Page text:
In this summary of Theory U by C. Otto Scharmer, let’s take a look at three perspectives on creativity and leadership. Consider the work of an artist:

  • There’s the thing that results from her creative process – this is the what.
  • There’s the process of painting that happens while the work is created – this is the how.
  • Finally, there’s the moment as she stands in front of a blank canvas. Here, you look at the work before creation begins and focus on the source of her inspiration.

An analogous division can be seen in leadership:

  • You can focus on what the outcomes of leaders’ actions are.
  • You can look at how leaders lead, observing the processes and strategies they use.
  • Or, finally, you can ask what the source of their leadership decisions and creativity is. This source is usually overlooked, and is therefore known as the blind spot.

To be an effective leader, you must be able to access your blind spot, because it will allow you to learn from the future as it emerges.

To grasp what this means, you must first understand that everyone has two selves: one connected to the past and the other connected to future aspirations.

The author experienced this divide when, as a young boy, he came home from school one day to find his parents’ farmhouse burned to the ground. His home and the things he had been attached to had suddenly been taken away from him. In effect, his past self had vanished. But then he became aware of another self, one which he could bring to life through his own actions: his future self.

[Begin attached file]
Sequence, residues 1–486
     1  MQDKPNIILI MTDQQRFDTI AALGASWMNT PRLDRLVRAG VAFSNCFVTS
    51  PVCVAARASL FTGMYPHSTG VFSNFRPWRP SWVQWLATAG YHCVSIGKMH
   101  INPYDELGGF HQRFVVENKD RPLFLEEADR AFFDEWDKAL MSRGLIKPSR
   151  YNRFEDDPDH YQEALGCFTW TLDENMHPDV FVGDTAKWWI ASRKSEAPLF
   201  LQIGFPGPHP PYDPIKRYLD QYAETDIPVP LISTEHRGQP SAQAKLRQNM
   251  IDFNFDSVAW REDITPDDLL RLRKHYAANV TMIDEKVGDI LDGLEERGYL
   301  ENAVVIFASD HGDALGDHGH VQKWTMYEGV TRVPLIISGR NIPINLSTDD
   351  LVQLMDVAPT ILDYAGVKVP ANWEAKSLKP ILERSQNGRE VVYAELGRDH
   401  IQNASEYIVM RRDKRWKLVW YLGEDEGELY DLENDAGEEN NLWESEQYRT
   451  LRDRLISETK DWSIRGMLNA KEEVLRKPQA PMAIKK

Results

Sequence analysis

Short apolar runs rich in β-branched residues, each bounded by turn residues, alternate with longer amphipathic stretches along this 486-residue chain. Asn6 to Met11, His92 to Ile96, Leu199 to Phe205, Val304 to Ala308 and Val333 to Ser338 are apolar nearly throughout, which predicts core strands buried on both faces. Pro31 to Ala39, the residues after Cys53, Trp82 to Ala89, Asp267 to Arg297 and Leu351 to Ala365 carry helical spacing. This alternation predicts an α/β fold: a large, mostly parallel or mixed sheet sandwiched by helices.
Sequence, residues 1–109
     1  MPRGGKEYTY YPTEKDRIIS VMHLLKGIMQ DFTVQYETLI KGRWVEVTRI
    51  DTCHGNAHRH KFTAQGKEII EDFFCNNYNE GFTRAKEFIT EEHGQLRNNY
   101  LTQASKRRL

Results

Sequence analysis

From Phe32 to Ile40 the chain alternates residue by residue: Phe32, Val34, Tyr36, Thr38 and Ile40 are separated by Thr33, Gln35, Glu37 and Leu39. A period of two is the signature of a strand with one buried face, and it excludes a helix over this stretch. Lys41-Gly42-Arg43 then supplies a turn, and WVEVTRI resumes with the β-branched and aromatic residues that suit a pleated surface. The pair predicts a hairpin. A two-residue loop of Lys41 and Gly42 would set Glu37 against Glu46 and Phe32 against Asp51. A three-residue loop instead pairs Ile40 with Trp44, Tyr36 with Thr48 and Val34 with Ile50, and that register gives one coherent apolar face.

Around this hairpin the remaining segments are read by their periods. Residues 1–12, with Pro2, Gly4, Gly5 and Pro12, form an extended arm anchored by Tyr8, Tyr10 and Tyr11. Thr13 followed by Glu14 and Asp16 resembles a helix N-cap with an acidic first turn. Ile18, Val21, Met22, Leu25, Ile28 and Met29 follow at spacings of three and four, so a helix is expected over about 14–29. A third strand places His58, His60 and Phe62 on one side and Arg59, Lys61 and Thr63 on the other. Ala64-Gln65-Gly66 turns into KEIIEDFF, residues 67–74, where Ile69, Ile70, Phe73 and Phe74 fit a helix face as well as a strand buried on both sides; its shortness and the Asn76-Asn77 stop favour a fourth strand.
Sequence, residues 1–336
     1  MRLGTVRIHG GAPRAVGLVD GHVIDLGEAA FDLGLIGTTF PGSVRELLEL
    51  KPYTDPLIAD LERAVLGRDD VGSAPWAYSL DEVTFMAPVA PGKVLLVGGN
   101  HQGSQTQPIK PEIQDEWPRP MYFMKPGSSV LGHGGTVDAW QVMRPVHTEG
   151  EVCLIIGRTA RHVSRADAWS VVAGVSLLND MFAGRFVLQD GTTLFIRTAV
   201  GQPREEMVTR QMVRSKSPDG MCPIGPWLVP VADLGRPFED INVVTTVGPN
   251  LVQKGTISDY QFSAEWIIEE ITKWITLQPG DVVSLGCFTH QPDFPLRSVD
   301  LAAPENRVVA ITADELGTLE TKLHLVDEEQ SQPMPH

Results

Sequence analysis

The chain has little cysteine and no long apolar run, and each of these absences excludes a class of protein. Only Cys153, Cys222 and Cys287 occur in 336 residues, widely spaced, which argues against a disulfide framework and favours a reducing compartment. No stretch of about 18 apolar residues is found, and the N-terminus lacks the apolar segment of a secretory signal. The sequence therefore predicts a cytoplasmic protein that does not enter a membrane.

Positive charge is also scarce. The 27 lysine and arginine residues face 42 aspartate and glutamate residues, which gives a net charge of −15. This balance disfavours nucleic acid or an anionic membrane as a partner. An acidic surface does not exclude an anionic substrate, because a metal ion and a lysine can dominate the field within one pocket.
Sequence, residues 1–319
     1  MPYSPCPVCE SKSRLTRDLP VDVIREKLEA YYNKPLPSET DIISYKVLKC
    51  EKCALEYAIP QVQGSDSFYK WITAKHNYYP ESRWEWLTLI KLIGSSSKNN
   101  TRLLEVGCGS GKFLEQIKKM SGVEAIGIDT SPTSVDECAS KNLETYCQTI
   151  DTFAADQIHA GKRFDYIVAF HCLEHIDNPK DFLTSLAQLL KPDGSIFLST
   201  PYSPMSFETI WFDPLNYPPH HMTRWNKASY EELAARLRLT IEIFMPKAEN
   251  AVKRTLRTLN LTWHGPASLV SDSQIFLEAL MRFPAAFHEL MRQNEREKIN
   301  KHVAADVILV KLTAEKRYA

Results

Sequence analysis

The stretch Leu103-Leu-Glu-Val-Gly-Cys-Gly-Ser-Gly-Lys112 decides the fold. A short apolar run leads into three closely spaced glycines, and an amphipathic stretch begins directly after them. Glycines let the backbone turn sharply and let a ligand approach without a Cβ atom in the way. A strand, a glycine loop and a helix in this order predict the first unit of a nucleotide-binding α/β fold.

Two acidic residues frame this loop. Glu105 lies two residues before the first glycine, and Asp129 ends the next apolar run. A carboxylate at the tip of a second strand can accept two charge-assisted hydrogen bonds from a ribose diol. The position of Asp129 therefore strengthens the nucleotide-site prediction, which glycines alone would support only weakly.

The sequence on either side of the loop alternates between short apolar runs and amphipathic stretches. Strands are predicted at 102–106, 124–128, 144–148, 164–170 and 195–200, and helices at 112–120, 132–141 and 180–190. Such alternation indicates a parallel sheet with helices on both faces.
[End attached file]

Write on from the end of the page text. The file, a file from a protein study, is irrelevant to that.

You can learn from both of these selves: learning from the past is what schools teach, for example: you make choices that avoid the mistakes of the past. But you can also learn from the future as it emerges, meaning you make decisions based on what you aspire to be in the future.

Theory U Key Idea #3: The path to deep creativity is U-shaped

Imagine, for a moment, that your consciousness is a lake. In the humdrum of daily life, you usually stay on the surface of that lake without indulging in deeper introspection or reflection. But the blind spot, your source of deep creativity, is at the bottom of that lake. And to find the truly innovative ideas needed today, leaders must be able to tap into the blind spot.

So how can you dive down to the bottom of the lake?

First, you need to open your mind and heart to new ideas. In everyday life, most of us develop fixed, predictable ways of thinking, like mental ruts. These patterns show that we always tend to reproduce past behavior.

But to reach the blind spot, it’s important to not let the past color your perceptions of others, and to refrain from making judgments. If you go even further and fully imagine yourself in someone else’s shoes, you get a fuller understanding of their experiences and can thus experience the world more richly. This is essentially a deep dive toward your blind spot.

Once there, you’ll find that your two selves – the past self connected to your experiences and the future self connected to your hopes and dreams – can converse. This phenomenon is known as “presencing” and it results in genuinely new and innovative ideas.